Ms. Palmer recently got a job as a home health aide and hopes to move out of her subsidized unit. Still, she laments what's been lost. "As poor as we were growing up, I didn't realize we were poor — because it felt like a community," she said. "Now it doesn't feel like a community."
The census tract in question includes the still-standing, albeit largely vacant row houses where Palmer grew up. But now there are luxury condominiums and apartments, too. They sport rooftop terraces and sparkling views of the city's affluent Gold Coast and Lake Michigan beyond. A three-bedroom penthouse can cost around $2 million.
About 20 miles to the north, Cook County has another top 10 neighborhood: the Glen, in the suburb of Glenview. Converted from what used to be Naval Air Station Glenview, the planned community has hundreds of families living in condos, town houses and single-family homes that go for as much as $2.5 million each, according to realtor Margaret Ludemann.
Washington D.C. suburbs
Although New York City got all the attention when Amazon.com Inc. announced the winners of its headquarters sweepstakes, the other lucky town was Arlington, Virginia. The online retail giant plans to bring 25,000 new jobs to this Washington suburb, paying an average of more than $150,000 apiece.
If there's one place in America that doesn't need a helping hand from Jeff Bezos, it could be this one. The Washington commuter area is home to four of the top 10 (Nos. 2, 3, 5 and 6) fastest-growing census tracts of high earners. As a bedroom community for the nation's capital, it already had significant concentrations of wealth back in 2000. But since then, it's gotten so rich that in some areas around half of households earn more than $200,000. (The New York metropolitan area nabbed Nos. 9 and 10.)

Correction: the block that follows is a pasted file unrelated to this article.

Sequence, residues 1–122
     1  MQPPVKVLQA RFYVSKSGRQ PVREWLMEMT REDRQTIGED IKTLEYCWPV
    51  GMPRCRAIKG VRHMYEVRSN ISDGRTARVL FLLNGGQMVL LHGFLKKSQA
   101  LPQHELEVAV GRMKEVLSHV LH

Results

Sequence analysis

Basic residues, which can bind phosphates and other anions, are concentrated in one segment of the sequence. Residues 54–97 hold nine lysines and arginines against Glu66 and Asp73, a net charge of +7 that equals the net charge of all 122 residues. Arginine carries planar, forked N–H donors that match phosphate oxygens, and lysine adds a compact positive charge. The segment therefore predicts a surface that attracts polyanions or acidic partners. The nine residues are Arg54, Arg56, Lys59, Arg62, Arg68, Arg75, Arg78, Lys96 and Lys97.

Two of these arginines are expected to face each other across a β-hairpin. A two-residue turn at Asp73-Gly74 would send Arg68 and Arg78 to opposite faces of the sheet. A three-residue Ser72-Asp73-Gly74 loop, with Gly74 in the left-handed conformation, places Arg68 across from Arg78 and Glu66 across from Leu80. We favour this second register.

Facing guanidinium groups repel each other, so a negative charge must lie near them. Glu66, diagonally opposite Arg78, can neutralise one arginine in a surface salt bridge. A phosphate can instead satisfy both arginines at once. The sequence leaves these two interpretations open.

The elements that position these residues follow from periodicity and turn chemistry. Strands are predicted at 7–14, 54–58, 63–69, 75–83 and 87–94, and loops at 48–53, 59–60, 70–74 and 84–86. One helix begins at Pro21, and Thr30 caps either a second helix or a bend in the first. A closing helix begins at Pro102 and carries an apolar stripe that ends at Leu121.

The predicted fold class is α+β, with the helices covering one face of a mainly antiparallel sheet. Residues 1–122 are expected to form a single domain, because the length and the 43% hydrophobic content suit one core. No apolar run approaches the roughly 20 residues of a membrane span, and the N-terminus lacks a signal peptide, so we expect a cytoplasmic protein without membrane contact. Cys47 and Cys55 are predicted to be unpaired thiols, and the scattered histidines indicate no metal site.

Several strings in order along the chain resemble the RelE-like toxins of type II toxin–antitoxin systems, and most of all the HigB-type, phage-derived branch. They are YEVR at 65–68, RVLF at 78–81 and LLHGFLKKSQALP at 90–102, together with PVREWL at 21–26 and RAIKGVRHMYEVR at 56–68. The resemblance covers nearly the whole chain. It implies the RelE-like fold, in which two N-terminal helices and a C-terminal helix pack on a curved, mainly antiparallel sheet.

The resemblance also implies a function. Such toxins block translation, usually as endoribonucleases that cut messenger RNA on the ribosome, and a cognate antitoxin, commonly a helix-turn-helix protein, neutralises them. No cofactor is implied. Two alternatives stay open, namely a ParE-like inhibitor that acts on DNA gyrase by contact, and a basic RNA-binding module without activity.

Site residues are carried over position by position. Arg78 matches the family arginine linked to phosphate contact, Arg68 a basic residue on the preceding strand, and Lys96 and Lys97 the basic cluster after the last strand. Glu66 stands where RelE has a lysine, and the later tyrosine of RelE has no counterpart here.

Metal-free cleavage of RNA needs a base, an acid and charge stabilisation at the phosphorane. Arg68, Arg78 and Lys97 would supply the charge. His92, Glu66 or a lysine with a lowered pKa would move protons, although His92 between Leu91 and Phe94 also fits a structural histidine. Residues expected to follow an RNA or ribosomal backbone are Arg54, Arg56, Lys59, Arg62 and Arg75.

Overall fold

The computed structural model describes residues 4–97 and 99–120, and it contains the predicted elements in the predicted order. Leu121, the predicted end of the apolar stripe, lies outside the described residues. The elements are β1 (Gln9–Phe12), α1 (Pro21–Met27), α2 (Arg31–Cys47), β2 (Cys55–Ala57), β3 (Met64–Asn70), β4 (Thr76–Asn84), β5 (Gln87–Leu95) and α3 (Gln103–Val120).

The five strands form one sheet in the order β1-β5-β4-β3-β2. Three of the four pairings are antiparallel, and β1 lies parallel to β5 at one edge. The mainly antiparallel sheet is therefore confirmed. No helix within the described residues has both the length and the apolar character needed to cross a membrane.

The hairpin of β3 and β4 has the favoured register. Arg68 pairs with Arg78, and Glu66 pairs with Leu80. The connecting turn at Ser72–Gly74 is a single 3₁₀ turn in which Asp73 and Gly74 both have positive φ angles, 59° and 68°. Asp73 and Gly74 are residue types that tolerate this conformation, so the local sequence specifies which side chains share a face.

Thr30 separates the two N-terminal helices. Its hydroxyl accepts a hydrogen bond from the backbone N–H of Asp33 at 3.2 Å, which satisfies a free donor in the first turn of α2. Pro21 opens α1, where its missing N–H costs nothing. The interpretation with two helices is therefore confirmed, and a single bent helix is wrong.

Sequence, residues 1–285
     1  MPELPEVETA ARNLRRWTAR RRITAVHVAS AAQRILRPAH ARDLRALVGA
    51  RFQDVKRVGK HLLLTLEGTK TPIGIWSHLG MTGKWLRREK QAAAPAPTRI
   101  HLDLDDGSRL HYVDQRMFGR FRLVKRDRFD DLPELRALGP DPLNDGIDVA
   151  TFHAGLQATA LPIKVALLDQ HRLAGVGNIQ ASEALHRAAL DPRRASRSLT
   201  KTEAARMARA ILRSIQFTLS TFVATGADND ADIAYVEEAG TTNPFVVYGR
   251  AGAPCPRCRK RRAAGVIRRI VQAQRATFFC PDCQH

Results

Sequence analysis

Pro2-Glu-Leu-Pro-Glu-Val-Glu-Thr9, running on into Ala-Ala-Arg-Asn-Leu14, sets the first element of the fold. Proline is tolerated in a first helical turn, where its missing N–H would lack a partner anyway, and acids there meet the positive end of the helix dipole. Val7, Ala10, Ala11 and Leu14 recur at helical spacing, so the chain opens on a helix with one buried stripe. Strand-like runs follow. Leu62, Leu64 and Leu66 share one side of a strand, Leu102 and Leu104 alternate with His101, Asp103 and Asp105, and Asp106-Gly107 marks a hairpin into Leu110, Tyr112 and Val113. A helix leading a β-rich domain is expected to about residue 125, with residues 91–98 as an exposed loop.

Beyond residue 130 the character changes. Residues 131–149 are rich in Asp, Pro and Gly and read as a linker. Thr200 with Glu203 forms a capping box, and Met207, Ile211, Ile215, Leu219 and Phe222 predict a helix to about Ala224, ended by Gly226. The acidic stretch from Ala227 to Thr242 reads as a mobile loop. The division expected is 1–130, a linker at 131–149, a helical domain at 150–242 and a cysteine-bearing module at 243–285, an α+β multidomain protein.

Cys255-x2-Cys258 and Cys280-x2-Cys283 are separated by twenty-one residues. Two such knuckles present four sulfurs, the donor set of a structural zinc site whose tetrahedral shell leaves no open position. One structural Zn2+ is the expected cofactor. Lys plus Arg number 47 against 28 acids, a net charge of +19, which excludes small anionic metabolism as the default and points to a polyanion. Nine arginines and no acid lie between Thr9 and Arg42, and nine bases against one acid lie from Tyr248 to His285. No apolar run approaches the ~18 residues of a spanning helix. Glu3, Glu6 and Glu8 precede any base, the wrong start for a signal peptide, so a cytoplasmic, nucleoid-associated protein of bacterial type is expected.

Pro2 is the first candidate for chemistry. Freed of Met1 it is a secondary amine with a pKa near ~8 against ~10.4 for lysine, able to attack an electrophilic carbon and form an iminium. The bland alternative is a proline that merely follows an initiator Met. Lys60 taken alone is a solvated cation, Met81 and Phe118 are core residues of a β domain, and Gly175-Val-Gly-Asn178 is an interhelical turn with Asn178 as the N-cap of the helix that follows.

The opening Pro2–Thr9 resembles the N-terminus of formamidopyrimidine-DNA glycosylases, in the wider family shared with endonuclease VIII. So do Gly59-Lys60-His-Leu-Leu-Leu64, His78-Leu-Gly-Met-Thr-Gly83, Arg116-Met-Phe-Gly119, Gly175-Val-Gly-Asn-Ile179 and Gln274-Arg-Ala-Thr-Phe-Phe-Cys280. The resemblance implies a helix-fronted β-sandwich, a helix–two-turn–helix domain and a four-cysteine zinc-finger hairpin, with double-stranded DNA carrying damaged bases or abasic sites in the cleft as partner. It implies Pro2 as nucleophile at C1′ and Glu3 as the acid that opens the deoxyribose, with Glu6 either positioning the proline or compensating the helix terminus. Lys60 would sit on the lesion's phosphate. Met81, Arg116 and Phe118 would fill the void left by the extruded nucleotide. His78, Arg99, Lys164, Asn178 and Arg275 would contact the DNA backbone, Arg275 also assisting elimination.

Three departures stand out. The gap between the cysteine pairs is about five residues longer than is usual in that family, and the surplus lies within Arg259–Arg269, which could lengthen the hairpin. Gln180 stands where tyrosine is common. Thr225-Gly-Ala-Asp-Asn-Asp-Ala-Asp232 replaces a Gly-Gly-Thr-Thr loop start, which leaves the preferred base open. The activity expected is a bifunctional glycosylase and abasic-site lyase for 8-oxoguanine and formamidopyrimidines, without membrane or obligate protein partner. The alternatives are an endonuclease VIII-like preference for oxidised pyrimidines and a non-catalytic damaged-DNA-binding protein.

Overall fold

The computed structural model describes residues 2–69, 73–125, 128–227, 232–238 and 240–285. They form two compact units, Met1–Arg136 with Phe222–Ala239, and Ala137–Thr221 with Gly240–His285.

Lobbyists, defense contractors, law firms and technology companies all played a role in the Washington area's ascent. So, too, has the high ratio of multi-earner households, according to Jeannette Chapman, deputy director at the Stephen S. Fuller Institute at George Mason University.
But even with all that income, many residents don't feel wealthy, Ms. Chapman said (as infuriating as that may sound to the 39.7 million Americans living below the poverty line).
"A household earning $200,000 here still might be struggling in a way that's just unfathomable in other parts of the country because the costs are so much higher," she said.